10 Voodoo Hiring Methods

VoodooHiringAt Greenhouse, one of our favorite books is Who: The A Method for Hiring, by Geoff Smart and Randy Street. In the first chapter of the book, the authors quote Steve Kerr, the management expert who built Crotonville at General Electric: “Otherwise smart people struggle to hire strangers. People unfamiliar with great hiring methods consider the process a mysterious black art.”

Smart and Street spent over 1,300 hours speaking with over 20 billionaires and 300 CEOs, who struggle to make smart hiring decisions every day. They came up with 10 common “voodoo” hiring methods that resist a logical - or effective - approach to hiring. Does one look familiar to you?

1. The Art Critic

“When it comes to judging art, going on gut instinct sometimes works just fine.” This hiring method relies on gut feeling - setting you up to be fooled. In the art world, you may go home with a fake painting, but relying on your ability to “read” people alone will likely result in a bad hire, costing you up to $1.5 million or more a year!

2. The Sponge

“A common approach among busy managers is to let everybody interview a candidate.” This hiring method is an unstructured approach with the goal of soaking up as much information as possible about a candidate. Smart and Street note that this leaves everybody asking the same, superficial questions, often unrelated to the requirements of the actual job.

3. The Prosecutor

“Many managers act like the prosecutors they see on TV.” This method uses trick questions and mind games as interview questions. Smart and Street provide a couple of examples that you have likely heard before: Why is a manhole round? How did the markets do yesterday? These questions may demonstrate knowledge of a topic, but do not properly assess whether a candidate can do the job.

4. The Suitor

“Rather than rigorously interviewing a candidate, some managers spend all of their energy selling the applicant on the opportunity.” In this voodoo hiring method, hiring managers focus on impressing a candidate, rather than interviewing them.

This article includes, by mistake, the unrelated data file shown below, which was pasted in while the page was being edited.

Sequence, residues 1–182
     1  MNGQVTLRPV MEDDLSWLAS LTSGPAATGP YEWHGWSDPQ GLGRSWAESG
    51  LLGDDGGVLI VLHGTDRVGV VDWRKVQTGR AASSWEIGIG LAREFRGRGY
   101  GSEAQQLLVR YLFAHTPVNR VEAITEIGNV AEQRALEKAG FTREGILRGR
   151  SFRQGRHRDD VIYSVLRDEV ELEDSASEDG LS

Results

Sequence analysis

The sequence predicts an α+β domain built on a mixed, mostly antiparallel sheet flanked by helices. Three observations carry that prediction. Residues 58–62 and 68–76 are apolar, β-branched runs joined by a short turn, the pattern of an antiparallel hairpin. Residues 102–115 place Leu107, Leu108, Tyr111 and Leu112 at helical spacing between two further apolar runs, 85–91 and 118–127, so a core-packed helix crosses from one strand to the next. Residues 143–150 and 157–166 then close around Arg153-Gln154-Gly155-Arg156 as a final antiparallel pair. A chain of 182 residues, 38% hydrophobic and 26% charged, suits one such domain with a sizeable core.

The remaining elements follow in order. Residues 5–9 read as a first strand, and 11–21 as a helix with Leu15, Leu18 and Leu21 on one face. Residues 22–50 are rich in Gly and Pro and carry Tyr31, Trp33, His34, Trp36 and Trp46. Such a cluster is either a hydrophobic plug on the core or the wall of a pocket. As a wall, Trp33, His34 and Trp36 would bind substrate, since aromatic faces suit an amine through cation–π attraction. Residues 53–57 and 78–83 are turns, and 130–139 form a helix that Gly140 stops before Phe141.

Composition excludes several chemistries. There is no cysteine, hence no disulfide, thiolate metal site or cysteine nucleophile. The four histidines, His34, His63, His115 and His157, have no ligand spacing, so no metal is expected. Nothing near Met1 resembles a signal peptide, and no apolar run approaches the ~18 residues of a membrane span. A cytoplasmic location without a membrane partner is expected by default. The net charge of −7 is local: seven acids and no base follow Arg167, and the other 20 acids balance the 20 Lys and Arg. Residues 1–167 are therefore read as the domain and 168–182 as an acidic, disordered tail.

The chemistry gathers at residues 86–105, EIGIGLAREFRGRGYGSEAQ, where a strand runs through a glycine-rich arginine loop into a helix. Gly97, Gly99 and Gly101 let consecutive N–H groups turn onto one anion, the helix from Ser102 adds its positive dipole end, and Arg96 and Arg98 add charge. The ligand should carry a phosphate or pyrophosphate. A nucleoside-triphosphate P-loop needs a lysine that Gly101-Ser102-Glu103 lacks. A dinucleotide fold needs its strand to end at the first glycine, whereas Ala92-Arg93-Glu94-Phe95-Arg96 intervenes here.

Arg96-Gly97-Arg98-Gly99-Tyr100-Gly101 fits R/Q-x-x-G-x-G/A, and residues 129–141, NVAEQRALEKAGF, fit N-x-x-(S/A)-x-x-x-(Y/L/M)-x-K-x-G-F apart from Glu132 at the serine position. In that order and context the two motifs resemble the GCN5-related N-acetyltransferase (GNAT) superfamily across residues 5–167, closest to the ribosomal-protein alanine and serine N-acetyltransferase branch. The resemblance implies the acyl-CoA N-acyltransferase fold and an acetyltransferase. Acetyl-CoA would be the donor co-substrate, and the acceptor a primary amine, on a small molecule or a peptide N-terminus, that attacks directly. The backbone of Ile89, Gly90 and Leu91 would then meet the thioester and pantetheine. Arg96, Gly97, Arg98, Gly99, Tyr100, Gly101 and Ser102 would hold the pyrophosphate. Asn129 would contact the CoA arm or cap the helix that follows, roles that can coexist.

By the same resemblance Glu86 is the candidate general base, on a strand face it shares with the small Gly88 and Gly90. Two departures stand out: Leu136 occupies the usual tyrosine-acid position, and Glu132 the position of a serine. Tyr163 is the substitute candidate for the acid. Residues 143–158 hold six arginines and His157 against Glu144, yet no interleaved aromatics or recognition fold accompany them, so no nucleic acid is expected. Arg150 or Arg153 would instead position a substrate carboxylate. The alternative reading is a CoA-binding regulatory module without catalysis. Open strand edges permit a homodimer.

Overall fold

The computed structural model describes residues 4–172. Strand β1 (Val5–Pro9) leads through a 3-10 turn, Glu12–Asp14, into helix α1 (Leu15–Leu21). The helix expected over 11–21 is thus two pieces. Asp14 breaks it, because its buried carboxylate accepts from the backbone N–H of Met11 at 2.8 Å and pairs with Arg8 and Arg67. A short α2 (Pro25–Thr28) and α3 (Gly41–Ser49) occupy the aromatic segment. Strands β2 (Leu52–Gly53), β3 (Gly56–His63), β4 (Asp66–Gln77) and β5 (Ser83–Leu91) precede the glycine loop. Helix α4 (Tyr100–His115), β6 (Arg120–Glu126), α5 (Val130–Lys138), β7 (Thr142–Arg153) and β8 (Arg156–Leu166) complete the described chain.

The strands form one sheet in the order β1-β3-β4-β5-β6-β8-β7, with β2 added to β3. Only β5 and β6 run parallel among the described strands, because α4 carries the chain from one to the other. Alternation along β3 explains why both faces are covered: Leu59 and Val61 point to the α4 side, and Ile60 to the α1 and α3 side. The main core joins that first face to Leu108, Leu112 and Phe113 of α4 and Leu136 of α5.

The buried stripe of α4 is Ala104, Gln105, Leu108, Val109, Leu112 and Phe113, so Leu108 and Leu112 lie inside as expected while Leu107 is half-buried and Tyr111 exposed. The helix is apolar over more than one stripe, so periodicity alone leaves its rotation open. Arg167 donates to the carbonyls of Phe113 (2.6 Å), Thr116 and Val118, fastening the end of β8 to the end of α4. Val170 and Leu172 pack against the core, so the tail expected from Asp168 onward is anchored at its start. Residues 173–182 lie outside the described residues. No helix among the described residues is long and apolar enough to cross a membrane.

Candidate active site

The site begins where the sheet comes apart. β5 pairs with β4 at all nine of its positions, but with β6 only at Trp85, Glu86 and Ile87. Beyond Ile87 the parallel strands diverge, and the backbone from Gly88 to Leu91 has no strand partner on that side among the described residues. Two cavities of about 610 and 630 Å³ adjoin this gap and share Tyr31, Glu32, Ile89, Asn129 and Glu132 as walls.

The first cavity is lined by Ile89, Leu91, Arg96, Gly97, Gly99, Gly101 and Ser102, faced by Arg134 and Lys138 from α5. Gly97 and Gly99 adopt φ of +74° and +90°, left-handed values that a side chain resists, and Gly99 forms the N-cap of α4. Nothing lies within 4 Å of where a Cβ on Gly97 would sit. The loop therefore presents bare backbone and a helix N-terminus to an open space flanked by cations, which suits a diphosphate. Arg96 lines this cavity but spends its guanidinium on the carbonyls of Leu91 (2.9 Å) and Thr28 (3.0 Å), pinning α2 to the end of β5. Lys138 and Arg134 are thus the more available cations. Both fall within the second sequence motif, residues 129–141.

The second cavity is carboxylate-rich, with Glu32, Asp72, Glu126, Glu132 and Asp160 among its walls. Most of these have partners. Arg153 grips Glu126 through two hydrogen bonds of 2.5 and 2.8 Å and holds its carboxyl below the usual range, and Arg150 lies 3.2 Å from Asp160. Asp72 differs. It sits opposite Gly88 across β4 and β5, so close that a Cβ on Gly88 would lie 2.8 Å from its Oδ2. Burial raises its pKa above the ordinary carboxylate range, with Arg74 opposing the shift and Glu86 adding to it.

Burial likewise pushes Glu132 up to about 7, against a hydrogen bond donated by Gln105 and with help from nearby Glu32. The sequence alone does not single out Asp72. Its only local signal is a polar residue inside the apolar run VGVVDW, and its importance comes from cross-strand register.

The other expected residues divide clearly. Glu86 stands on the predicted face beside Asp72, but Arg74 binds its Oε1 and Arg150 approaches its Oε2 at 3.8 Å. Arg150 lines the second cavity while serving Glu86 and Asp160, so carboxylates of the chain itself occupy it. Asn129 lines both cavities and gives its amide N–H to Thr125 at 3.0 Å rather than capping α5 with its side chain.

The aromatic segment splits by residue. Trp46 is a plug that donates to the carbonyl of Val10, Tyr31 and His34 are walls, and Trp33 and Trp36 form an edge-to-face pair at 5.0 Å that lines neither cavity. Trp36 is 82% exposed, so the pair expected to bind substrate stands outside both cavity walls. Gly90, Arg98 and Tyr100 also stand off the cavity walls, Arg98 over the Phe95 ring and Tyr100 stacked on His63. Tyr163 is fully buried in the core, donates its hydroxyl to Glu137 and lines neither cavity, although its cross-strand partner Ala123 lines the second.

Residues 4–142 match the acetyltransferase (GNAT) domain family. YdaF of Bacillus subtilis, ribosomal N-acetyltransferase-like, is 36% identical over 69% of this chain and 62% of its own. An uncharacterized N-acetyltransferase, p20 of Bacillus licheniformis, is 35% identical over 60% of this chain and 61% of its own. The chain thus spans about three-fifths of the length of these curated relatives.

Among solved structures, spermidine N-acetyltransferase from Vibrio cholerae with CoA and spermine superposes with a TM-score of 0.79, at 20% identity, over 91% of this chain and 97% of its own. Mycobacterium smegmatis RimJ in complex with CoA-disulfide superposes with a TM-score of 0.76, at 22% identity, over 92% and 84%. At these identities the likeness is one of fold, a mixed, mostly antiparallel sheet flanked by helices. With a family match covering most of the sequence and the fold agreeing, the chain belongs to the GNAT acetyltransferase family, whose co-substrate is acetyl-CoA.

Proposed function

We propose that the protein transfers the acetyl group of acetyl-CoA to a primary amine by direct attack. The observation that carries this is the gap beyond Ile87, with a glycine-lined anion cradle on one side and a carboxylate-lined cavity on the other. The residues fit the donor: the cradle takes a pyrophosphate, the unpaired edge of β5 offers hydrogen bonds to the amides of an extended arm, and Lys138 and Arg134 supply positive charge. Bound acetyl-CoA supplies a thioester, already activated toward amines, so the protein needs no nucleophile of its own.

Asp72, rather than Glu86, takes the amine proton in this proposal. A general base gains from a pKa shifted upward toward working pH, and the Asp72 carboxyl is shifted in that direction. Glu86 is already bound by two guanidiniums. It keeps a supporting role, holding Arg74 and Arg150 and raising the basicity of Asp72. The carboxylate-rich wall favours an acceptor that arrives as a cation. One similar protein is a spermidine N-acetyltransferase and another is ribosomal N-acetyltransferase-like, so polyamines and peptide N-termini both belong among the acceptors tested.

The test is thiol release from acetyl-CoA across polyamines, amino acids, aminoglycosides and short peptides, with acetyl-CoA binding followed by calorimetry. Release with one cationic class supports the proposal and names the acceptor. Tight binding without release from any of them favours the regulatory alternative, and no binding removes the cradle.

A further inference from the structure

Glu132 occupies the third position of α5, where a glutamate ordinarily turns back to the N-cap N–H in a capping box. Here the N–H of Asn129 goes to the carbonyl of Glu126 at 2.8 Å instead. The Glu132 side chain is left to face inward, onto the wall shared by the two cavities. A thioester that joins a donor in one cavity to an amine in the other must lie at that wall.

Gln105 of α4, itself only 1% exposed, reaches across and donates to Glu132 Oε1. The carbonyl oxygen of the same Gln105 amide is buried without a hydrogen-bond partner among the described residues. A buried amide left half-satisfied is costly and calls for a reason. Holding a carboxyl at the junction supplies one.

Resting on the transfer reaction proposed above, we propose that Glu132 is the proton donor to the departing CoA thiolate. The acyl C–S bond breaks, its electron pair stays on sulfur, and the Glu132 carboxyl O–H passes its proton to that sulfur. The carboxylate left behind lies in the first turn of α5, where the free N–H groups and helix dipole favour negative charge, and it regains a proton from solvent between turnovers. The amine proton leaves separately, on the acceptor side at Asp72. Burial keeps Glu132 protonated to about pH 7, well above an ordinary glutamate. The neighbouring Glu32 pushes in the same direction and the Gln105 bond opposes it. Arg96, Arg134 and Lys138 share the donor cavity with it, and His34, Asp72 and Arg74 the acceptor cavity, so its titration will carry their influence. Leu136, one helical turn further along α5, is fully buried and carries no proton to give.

5. The Trickster

“Then there are the interviewers who use gimmicks to test for certain behaviors.” Smart and Street share the examples of throwing a wad of paper on the floor to see if the candidate will clean it up, or taking him to a party to see how he interacts. Like the Prosecutor, this method doesn’t accurately assess whether or not a candidate can do the job!

6. The Animal Lover

“Many managers hold on stubbornly to their favorite pet questions - questions they think will reveal something uniquely important about a candidate.” For example, they ask a candidate what his or her spirit animal is -- and look for a revealing answer. Again, a useless predictor of on-the-job performance (but a great question when used in jest!).

7. The Chatterbox

“This technique has a lot in common with the ‘la-di-da’ interview.” Although a culture fit interview is important, managers can not simply sit and chat with candidates to determine whether or not she is qualified to do the job.

8. The Psychological and Personality Tester

Some managers use bubble test questions to assess candidates (for example: Would you rather be at a cocktail party or a library on Friday night?). Although useful on personality assessments, The Handbook of Industrial/Organizational Psychology advises against using these questions for recruiting purposes. Not only are they an unreliable interviewing tool, but they are easy to fake!

9. The Aptitude Tester

Similarly, aptitude tests are a narrow and ineffective assessment tool. Smart and Street say that, although the tests can help managers determine whether or not a person has the right aptitude for a specific role, it should never be the sole determinant in a hiring decision.

10. The Fortune-Teller

“Some interviewers like to ask their candidates to look into the future regarding the job at hand by asking hypothetical questions.” It’s easy for a candidate to tell you the right answer to a ‘what would you do’ question, but will he or she actually do it?

Before you set out to interview a candidate, create an Interview Scorecard that outlines the key attributes and competencies that are needed in the role. Try it out -- we’ve created an interactive Scorecard below:

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Interview Planning